Brick kiln is modern day slavery. Workers have to make bricks for ten hours a day, seven days a week. Many poor Christians are trapped in a cycle of debt doing this back-breaking work. On bad days when they can’t work, they have no pay and must borrow money from their brick kiln owners. They sink even further into the mire of debt. This vicious cycle can last for generations. Thus, children often have to work instead of going to school.
I just read a wonderful article by Barnabas Aid, an organisation that helps persecuted Christians around the world. Christians have paid the debts of Christian brick kiln workers fully. Now these Pakistani Christians can work and receive a proper salary. Now their children can study in school. There is hope for their future.
James, a former brick kiln worker, relates:
“We have been taken out of the quagmire,” he exclaimed to Barnabas Fund, with a shining face that radiated peace and joy. “We had never imagined that we could be free!”
Isn’t that amazing?
They were redeemed out of slavery. They were freed.
No more debt. No more slavery.
Do donate to this worthy cause if you have the resources to do so. There are many other projects on Barnabas Aid for your consideration.
This freedom from slavery and poverty reminds me of Elisha and the widow’s oil in 2 Kings 4:1-7.
The widow’s husband just died, leaving them in debt. Maybe her husband’s medical bills had taken a toil on the finances. Now the debtors were coming to take her two boys into slavery.
She lost her husband. Was she going to lose her two sons also?
That’s what happens to many brick kiln workers too. The hard brutal work leaves many sick and ill. James’ wife had died from illness. No wonder families and generations are trapped in slavery.
Note that the widow’s husband was a prophet. Being a godly person does not exempt Christians from trouble and hardship.
Just look at the Christians suffering around the world. Would you do something for them?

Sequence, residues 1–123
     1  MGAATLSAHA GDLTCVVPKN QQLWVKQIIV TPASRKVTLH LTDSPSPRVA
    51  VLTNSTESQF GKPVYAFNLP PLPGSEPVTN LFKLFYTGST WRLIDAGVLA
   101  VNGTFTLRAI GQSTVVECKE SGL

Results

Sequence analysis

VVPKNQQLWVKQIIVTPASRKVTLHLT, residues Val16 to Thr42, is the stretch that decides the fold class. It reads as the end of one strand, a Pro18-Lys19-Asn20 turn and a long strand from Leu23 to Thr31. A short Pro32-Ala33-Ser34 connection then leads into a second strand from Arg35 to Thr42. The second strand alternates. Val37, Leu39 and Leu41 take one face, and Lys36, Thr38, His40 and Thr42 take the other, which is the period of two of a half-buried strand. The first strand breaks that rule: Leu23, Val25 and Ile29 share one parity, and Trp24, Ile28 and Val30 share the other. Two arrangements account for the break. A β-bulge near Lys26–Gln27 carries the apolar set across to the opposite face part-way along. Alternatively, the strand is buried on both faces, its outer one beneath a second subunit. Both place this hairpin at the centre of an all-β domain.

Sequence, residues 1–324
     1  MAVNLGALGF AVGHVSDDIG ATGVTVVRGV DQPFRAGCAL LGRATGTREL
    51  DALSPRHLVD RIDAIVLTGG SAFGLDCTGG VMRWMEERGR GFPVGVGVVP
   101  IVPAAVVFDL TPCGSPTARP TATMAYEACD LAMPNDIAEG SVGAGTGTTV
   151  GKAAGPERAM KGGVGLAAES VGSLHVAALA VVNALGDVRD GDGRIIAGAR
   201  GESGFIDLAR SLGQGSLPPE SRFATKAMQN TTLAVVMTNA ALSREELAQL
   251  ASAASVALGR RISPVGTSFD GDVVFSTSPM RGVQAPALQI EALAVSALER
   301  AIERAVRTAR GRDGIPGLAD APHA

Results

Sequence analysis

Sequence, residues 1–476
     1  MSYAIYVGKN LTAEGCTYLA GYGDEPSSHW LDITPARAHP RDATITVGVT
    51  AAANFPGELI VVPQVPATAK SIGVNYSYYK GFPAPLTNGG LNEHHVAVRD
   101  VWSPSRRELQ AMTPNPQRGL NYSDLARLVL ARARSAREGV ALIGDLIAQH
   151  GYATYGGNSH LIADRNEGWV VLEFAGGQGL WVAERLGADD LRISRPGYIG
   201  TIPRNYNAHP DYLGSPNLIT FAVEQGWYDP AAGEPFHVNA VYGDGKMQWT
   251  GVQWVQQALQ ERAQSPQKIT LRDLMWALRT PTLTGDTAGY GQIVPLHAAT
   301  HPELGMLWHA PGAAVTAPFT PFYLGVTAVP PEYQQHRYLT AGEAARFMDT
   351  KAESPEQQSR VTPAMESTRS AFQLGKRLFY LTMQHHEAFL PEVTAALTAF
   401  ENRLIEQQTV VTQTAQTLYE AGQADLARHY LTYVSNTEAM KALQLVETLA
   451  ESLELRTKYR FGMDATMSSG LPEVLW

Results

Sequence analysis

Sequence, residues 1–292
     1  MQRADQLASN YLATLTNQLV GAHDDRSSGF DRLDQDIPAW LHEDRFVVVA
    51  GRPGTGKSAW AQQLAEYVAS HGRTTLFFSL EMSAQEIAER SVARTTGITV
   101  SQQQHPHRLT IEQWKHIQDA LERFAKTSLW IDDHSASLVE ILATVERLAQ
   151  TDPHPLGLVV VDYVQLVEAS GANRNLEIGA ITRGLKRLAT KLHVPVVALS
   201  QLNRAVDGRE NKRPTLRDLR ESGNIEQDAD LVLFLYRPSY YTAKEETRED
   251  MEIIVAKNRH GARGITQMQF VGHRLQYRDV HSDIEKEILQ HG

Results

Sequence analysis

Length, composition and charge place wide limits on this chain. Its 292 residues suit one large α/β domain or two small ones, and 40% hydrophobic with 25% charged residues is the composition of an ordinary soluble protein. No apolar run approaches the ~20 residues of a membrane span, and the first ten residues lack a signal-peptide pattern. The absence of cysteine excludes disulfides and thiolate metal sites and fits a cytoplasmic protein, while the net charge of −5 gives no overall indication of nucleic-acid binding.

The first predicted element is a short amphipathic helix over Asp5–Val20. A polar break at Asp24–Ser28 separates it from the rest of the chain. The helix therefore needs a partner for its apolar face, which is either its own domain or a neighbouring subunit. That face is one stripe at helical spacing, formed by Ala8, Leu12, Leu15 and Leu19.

Elisha responded immediately. He had to break the debt with God’s help. He told her to collect empty jars and pour her little oil into all the jars. She thought she had nothing but a little olive oil. That’s enough for God. He can do amazing things with what you give him. We think we have little resources to give. Think again. God can multiply whatever you give to him.
She kept pouring the oil until she ran out of jars. She ran out of jars! She started with a lack of oil but ended with a lack of jars. She had enough to pay off her debt and live off the rest of the sales. Barnabas Aid pays off the brick kiln worker’s debt and gives them a monthly food parcel so that they won’t fall into debt again.
That’s what Jesus did for us too.
We were all slaves to sin without a way to escape. We were doomed to eternal damnation.
But Jesus died on the cross for us. His blood redeemed us from slavery to sin.
Now we are free to love God. To serve God. We have a hope and a future.
It is through the Son, at the cost of his own blood, that we are redeemed, freely forgiven through that full and generous grace which has overflowed into our lives and opened our eyes to the truth.
Eph 1:7-8 (J.B. Phillips New Testament)
Jesus gave his life for you and me.
Would you do something for your Christian brothers and sisters suffering around the world?